Most employees would agree there are times when their bosses do not seem to listen to them. Whether it involves spending money when an employee suggest it is unwise, or pursuing an action when a knowledge employee advises against it. Kelly See, Assistant Professor of management and organization at New York University, was curious about these workplace scenarios and put together an in-depth study to look into the extent to which people in power take advice from knowledgeable colleagues. See’s project conducted over 2 years included 1,500 participants, concluded, “the more power managers have, the less likely they are to take advice.”
See explained that people in powerful positions tend to be more confident in their decisions. While this is generally positive, sometimes the tendency of the powerful to disregard advice has dramatic consequences. See says the 1986 Challenger disaster, which killed seven astronauts and shocked the nation is a good example. The tragedy occurred after a complex decision-making process, and See says her team has looked into why decision makers discounted suggestions that the launch was not safe that morning. She says, “One of the reasons was the power dynamics between the people giving the information and the people who were in charge of the situation.” In her conclusions, See suggests possible solutions. “It’s important to surround yourself with people who are going to disagree with you and to remind you that you’re not always right. We wanted to raise awareness of the inflated confidence of powerful individuals.”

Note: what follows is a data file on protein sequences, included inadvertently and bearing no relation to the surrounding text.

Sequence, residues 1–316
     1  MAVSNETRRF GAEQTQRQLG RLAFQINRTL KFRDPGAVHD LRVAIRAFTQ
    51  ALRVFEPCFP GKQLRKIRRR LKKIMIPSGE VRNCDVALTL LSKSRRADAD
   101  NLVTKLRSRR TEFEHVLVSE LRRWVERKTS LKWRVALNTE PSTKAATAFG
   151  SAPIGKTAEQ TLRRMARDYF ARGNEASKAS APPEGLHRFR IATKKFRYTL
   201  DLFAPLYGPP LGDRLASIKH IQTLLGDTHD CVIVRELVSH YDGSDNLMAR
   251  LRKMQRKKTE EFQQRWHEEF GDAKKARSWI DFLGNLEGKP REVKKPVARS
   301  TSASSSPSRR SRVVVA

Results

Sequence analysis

--Bosses Don’t Listen: Now there’s Proof, http://news.yahoo.com/bosses-dont-listen-now-theres-proof-211753472.html; August 24, 2011, Illustration by Jim L. Wilson and Jim Sandell
Proverbs 16:32 (HCSB) Patience is better than power, and controlling one’s temper, than capturing a city.